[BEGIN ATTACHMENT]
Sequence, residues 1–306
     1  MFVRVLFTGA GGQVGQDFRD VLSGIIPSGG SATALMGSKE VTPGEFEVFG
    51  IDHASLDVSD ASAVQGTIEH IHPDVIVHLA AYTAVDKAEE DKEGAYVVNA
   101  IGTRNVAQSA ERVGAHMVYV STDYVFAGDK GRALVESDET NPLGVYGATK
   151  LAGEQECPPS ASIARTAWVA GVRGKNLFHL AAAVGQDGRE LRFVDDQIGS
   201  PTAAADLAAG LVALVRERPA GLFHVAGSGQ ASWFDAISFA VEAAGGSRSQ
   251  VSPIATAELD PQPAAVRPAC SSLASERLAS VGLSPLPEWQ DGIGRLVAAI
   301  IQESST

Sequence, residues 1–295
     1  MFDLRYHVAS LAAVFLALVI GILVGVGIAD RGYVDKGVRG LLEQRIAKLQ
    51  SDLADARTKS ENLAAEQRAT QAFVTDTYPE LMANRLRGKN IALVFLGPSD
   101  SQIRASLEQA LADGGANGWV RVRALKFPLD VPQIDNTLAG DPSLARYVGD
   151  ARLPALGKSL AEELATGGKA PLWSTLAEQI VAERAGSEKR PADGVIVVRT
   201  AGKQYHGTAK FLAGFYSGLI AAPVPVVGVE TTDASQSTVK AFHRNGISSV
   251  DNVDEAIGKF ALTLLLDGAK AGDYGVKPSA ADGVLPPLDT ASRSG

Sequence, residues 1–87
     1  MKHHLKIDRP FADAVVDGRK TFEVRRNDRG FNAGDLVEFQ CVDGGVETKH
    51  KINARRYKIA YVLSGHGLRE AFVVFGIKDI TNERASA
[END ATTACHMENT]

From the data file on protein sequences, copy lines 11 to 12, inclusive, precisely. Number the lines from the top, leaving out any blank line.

    51  SDLADARTKS ENLAAEQRAT QAFVTDTYPE LMANRLRGKN IALVFLGPSD
   101  SQIRASLEQA LADGGANGWV RVRALKFPLD VPQIDNTLAG DPSLARYVGD